Students, faculty showcase research at 3rd Annual Scholarship Symposium

Sean Schmoyer, Asst. News Editor

Hang on for a minute...we're trying to find some more stories you might like.


Email This Story






Wilkes University hosted its 3rd Annual Scholarship Symposium in the University Center on Main from April 1 to the 4. This year saw the highest level of student participation with over 100 students being involved in the event.

The symposium featured 36 faculty led projects, 24 oral presentations and 22 poster presentations. The Scholarship Symposium’s purpose is to celebrate the faculty research and scholarship that takes place throughout Wilkes’ institution’s spectrum of disciplines.

Scholarship is such a highly regarded value at Wilkes that President Leahy committed $1 million to create the Research and Scholarship Fund in 2016. Also, 18 faculty members have received over $8,000 in external funding as well.

Provost Anne Skleder presented the President’s Award for Excellence to Dr. Z. J. Witczak, professor and chair of Pharmaceutical Sciences, though he could not be present due to presenting with students at the American Chemical Science meeting in Florida.

The symposium was brought to an official start with a presentation about robotics by Yong Zhu, professor in mechanical engineering. Zhu’s presentation was titled “The Future of Robotics: Fantasy, Reality and Ethics” and focused on how robotics works, the important contributions robotics has in other fields as well as the ethics of robotics.

To begin, Zhu first shared a story of a visit he took to a kindergarten class where he explained how robotics works.

“How the robot works is that there is a sensor, that when you wave it detects it and it will turn around and move the opposite direction, so it is like a puppy,” said Zhu. “So I explained to the kids that a robot works like us. Everything we do is because of three basic functionalities of our eyes, our brain and our body. Those three things work in a constant loop, and a robot is the same, functioning with a sensor, a controller and an actuator. So that concept can be understood by six and seven year olds, so there is no excuse for those of you here.”

After explaining how robots work Zhu went into detail about how robotics is expensive and relies on commercial success as well as research. He went into detail about how robotics have improved productivity, quality of life, and has removed and reduced risks that humans otherwise have to face.

Zhu talked about the medical field and the use of robotics for both physical support and emotional support interaction. He mentioned that robotics has been used in manufacturing to do repetitive tasks, and that it has been used in the service industry as well as a major component to space research.

Finally Zhu talked about the importance of ethics in robotics, about how robots do not have moral compasses or recognize harm. As such Zhu stressed that technology combined with A.I must be kept in check, though he assured that in our life time there is no way for the code of the A.I. to get so complicated that it is out of human hands.

Also throughout the four days other faculty presented their research findings in sessions and with students through poster projects set up, so that students and other faculty could look, learn, and inquire about the research.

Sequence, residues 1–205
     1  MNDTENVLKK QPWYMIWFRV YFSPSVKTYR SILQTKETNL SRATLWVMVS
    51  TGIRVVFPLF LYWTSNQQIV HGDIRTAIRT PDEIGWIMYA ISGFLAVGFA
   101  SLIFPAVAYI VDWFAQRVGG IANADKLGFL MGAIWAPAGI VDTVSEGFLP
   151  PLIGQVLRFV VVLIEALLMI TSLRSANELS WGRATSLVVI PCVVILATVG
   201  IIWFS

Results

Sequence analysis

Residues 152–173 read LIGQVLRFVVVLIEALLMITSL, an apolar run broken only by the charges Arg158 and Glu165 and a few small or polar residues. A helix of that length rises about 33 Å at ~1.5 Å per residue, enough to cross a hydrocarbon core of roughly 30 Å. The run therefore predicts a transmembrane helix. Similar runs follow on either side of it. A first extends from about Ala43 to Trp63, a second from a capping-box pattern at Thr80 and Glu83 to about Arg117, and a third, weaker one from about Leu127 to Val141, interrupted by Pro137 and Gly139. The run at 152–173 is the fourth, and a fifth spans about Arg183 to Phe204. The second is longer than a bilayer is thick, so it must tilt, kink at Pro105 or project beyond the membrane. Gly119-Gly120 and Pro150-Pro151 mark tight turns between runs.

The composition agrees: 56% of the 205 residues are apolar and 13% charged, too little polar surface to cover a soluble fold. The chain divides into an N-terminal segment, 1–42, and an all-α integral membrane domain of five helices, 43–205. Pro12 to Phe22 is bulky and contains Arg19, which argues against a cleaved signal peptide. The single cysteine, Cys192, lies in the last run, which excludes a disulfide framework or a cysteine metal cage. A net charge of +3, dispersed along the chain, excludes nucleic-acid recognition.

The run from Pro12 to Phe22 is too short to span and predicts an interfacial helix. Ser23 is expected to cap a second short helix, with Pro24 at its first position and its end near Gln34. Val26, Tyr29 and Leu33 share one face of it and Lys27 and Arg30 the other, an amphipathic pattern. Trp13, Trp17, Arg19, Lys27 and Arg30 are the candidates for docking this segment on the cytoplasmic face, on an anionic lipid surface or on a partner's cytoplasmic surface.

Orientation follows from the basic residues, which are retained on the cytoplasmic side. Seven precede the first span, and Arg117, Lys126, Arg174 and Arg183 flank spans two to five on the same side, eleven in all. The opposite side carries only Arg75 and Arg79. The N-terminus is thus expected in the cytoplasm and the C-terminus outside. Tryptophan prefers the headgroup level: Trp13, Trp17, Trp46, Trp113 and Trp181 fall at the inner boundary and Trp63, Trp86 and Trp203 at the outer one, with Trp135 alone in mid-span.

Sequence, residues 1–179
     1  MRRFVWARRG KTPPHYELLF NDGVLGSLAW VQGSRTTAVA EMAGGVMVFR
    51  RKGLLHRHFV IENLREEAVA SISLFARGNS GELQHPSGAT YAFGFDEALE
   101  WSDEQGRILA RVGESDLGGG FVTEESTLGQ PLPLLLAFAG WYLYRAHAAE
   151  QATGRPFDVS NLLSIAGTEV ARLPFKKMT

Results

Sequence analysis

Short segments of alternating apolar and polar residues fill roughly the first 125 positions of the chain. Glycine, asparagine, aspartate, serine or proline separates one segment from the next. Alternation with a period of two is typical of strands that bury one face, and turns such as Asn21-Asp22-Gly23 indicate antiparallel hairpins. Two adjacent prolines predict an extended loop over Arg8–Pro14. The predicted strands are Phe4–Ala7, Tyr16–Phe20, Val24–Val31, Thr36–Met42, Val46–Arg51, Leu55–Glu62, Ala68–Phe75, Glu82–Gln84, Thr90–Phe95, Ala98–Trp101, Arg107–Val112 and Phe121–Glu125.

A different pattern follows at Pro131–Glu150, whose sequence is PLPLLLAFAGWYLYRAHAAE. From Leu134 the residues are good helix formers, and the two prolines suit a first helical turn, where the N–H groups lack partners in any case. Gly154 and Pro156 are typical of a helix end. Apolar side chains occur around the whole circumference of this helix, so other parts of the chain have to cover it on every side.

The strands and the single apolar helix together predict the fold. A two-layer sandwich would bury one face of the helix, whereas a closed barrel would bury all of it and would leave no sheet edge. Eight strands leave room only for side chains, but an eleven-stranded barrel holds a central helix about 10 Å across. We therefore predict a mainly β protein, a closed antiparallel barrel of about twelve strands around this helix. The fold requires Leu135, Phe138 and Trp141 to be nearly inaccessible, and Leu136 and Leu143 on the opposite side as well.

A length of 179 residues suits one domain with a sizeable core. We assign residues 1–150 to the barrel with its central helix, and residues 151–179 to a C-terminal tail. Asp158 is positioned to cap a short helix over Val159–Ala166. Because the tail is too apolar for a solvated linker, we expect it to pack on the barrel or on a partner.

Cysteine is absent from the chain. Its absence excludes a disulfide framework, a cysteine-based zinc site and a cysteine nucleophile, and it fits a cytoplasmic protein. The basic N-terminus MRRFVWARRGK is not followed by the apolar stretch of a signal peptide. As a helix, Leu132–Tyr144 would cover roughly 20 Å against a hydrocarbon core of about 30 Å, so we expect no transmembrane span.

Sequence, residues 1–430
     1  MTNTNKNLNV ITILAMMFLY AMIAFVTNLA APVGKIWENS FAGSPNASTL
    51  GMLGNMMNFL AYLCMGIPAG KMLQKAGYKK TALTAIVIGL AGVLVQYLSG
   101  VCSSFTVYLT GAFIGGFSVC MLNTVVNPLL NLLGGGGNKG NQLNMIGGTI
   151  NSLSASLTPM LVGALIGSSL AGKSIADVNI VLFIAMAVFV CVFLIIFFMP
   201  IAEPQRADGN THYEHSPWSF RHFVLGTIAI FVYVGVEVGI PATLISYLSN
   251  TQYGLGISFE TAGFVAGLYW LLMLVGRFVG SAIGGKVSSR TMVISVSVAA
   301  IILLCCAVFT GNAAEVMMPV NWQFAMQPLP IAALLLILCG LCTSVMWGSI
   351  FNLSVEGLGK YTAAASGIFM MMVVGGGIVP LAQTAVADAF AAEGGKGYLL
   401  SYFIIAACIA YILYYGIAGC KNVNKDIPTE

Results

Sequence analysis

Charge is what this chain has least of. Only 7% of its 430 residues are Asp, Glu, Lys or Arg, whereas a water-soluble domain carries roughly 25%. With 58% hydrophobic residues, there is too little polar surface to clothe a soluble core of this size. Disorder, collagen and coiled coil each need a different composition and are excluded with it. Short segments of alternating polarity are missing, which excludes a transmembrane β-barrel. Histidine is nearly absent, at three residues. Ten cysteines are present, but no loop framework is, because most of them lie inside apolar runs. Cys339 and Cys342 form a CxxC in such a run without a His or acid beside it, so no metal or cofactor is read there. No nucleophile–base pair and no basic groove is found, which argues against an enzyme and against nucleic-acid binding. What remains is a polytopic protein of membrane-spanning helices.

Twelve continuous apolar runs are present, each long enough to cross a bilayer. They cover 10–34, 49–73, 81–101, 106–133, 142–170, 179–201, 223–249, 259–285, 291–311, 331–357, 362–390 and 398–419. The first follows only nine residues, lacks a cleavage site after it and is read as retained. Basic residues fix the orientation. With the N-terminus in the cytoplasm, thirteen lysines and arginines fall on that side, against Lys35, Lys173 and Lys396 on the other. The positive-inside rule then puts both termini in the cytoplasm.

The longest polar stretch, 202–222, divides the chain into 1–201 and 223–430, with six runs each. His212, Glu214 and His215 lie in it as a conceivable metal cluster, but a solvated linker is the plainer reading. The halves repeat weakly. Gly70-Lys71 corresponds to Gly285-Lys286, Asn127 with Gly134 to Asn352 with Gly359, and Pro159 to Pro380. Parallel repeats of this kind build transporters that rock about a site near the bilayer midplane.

Maddie Davis
Senior biology major Brendon Kelly presents his research titled “Latitudinal gradients in plant-animal interactions: biogeography of pre-dispersal seed predation of acorns of oak by insect larvae.“

One of many presentations was from Dr. Linda Gutierrez, professor of biology here at Wilkes, who worked alongside Jacob Baranski, senior biology major, and five other students in researching the effects of intestinal tumor growth on adipose tissue in a model of intestinal carcinogenesis.

Baranski said, “It was very empowering and nice to work with someone so knowledgeable who let me take charge on many occasions. It was exciting to see what everyone else has been working on and to learn about other fields while at the symposium.”

Many other faculty and students from different fields came together to present posters throughout the event covering a variety of topics from preventing ACL tears to looking at what motivates young women to fight sexism.

Finally the symposium concluded with the Paul A. O’Hop Final Word Lecture presented by Professor Dana Manning from the pharmacy department on the perception of health and wellness and how it is more of a holistic concept.

Manning’s lecture, titled “Beyond Medication: Health and Wellness as a Holistic Concept” focused on a central question that Manning has been research since her time as a student, what is healthy?

Manning addressed this question by sharing her experiences throughout her life and by analyzing how we view health.

“At first I wanted to stick to what I was taught even as those things crumbled beneath me. It turns out that the version of the dietary guidelines I was taught during my early years were more influenced by politics and subsidies than by science,” said Manning.

She addressed how articles and studies are produced telling people what is and is not healthy. Manning found through her research, including her time in Uganda, that all foods serve functions and that there is no one way to treat all patients.

Instead she found that there is an importance in community when it comes to the medical field, and that often nutrition and health are viewed as black and white when that is not the actual case.

Manning wrapped her lecture and the symposium as a whole by making a list of promises to help support and guide the community here at Wilkes. This included bringing other cultures to Wilkes, taking students to other cultures and creating a nutrition course available for all majors to present a course that is beneficial for even non-medical students.

Print Friendly, PDF & Email